Wall Street is coming to grips with the idea that the US-China trade war will get worse before it gets better.
The Dow dropped 286 points, or 1.1%, on Thursday on fears about the tariff battle slowing global growth and dinging corporate profits. The index recovered somewhat toward the end of the day — at one point it was down nearly 450 points.
China-sensitive stocks like Apple (AAPL), Boeing (BA) and Nvidia (NVDA) tumbled. Trade war fears helped set off a 6% plunge in oil prices — crude’s worst day since Christmas Eve. And that drove energy stocks like Hess (HES) and Halliburton (HAL) sharply lower.
“You can’t have the world’s two largest economies in a long, drawn-out mutually destructive trade war and not slow the global economy,” said Art Hogan, chief market strategist at National Securities Corporation.
Nervous investors plowed money into ultra-safe government bonds, driving the yield on the 10-year Treasury yield to just 2.31% — the lowest since late 2017. The VIX volatility index spiked 18%, while the CNN Business Fear & Greed Index dropped further into “fear” territory.
“There is a bit of tariff exhaustion. People are tired of hearing about it,” said JJ Kinahan, chief market strategist at TD Ameritrade.
Tariffs through the 2020 election?
Wall Street firms have begun warning in recent days that President Donald Trump is likely to follow through on his threat to impose a 25% tariff on all remaining US imports from China. That kind of escalation would mark an all-out trade war scenario that few thought was possible just a few weeks ago.
Nomura’s baseline scenario now assumes the new tariffs will go into effect before the end of the year, lowering GDP growth by 0.3 percentage points from late 2019 into 2020. The tariffs, which will for the first time hit consumer goods including smartphones and PCs, will simultaneously raise inflation, Nomura said in a report on Thursday.
Worse, there are few signs that the trade war will be over soon because no formal negotiations are scheduled.
“Without a clear way forward during an intensifying 2020 US presidential election,” Nomura chief US economist Lewis Alexander wrote on Thursday, “we see a rising risk that tariffs will remain in effect through end-2020.”
Tensions over Huawei
Trade tensions have increased for several weeks as the United States and China both raised tariffs on each other’s goods, and the United States placed restrictions on US firms doing business with Chinese tech giant Huawei on grounds of national security.
Tech stocks bore the brunt of the pain, as the technology sector could be particularly hard-hit if the trade war escalates.
US Secretary of State Mike Pompeo said the dispute over Huawei could deepen.
He reiterated the security risk the Trump Administration says is posed by Huawei’s technology and said he expects other international companies to elect not to use their products.
“If you put your information in the hands of the Chinese communist party, it’s de facto a real risk to you. They may not use it today, they may not use it tomorrow,” Pompeo said in an interview with CNBC on Thursday. “To say they [Huawei] don’t work with the Chinese government is a false statement.”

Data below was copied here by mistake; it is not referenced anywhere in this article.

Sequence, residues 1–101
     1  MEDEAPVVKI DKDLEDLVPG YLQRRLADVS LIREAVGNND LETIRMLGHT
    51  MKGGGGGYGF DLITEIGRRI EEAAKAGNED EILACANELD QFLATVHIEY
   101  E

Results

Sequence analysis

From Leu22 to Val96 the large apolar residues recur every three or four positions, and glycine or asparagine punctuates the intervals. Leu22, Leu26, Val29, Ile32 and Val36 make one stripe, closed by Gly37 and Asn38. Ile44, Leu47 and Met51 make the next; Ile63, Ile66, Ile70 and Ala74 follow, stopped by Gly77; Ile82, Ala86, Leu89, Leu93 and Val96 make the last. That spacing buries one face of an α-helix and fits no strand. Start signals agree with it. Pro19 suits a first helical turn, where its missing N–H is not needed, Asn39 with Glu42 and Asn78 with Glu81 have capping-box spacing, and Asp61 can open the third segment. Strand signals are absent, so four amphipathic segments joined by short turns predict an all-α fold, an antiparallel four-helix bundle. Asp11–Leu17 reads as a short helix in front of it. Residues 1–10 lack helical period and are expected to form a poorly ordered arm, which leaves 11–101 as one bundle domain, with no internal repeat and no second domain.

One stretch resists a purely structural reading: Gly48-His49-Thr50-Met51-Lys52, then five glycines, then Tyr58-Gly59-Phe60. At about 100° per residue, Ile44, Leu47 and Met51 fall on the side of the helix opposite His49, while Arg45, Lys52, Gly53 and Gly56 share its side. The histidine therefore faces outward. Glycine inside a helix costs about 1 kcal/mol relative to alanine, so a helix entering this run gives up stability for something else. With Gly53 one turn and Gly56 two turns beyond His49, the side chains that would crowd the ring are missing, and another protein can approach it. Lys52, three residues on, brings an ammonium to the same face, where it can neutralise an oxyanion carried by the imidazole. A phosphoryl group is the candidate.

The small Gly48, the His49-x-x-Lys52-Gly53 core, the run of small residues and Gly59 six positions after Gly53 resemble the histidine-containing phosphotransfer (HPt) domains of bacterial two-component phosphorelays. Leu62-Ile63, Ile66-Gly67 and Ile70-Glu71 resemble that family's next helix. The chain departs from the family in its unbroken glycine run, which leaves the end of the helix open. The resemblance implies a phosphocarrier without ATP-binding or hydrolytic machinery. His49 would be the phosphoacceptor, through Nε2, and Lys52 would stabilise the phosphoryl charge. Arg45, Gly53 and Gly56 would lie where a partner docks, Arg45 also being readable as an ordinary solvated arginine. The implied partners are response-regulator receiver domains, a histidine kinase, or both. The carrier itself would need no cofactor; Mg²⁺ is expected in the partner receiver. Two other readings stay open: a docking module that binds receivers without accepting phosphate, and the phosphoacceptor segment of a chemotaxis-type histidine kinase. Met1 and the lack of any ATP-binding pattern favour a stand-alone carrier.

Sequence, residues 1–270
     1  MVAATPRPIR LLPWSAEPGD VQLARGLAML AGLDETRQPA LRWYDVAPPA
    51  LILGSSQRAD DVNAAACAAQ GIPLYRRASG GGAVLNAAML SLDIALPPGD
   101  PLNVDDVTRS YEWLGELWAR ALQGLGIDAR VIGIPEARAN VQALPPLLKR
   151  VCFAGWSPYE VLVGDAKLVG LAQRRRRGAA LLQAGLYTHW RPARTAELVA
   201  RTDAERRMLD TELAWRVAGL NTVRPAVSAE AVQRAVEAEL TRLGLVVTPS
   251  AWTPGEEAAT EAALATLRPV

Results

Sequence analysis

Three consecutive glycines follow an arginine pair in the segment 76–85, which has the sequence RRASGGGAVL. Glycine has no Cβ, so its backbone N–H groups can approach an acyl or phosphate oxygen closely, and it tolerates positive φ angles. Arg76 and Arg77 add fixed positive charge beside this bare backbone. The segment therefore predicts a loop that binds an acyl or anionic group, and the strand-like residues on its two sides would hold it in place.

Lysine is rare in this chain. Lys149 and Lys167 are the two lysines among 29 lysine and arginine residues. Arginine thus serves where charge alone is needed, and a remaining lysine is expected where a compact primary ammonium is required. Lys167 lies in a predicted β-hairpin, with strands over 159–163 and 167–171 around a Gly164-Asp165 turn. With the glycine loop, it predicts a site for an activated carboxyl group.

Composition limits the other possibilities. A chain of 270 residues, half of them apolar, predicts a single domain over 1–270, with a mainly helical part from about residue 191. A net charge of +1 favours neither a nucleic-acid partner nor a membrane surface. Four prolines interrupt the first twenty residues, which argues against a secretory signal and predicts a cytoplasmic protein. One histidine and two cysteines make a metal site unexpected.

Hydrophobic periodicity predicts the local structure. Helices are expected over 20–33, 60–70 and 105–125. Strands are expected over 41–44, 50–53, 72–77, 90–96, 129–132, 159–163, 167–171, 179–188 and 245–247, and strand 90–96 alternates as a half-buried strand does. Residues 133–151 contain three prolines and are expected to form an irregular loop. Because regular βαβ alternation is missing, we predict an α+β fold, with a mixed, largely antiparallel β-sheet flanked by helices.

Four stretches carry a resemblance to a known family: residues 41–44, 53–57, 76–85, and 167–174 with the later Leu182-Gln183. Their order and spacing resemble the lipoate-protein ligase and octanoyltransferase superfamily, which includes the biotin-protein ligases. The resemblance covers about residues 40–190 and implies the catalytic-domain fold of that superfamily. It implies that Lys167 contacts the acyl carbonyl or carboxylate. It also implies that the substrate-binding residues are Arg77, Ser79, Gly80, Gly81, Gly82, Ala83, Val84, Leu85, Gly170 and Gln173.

But Chinese officials suggested that the dispute over Huawei could block trade negotiations in the escalating trade war.
“If the US would like to continue to talk, it should show its sincerity and correct its wrong actions,” said Gao Feng, spokesman for China’s Ministry of Commerce. “Only on the basis of equality and mutual respect, the talks can be continued.”
Markets in China closed sharply lower with the Shanghai Composite and the Hang Seng both ending more than 1% lower.
Dreary economic numbers
The latest economic data underscore the high-stakes involved in the US-China trade war.
American business activity tumbled to a three-year low in May due in large part to concerns about tariffs, according to a report released on Thursday by IHS Markit. New manufacturing orders declined for the first time since August 2009.
“Growth of business activity slowed sharply in May as trade war worries and increased uncertainty dealt a further blow to order book growth and business confidence,” IHS Markit said.
Ian Winer, former head of equities at Webush Securities, placed the blame squarely on trade.
“Stunningly bad manufacturing data,” Winer said. “This uncertainty is what cripples an economy.”
“The decision to lay tariffs all over the place … has threatened the global expansion,” Peter Boockvar, chief investment officer at Bleakley Advisory Group, wrote in a note to clients. “We’ve sprayed bullets (tariffs) into the sky and while some may drop on the intended target, many go where they weren’t meant to land.”
US oil prices plummeted nearly 6%, tumbling below $58 a barrel, as trade war concerns and bearish inventory data weighed on oil prices. The energy sector was the worst performer in the S&P 500, tumbling more than 3%. Concho Resources (CXO), Devon Energy (DVN) and Marathon Oil (MRO) fell 5% or more.
Stocks were also sharply lower across Europe, where mounting worries about Brexit, the state of UK Prime Minister’s Theresa May’s government and European parliamentary elections also weighed on investor confidence.
“Brexit is a complete unknown. No one is sure what to do with it or how long it will take,” said TD Ameritrade’s Kinhan.
Some of this week’s losses may have been exacerbated by lower trading volumes and reluctance to place big trades ahead of the holiday weekend. US stocks are closed on Monday for Memorial Day.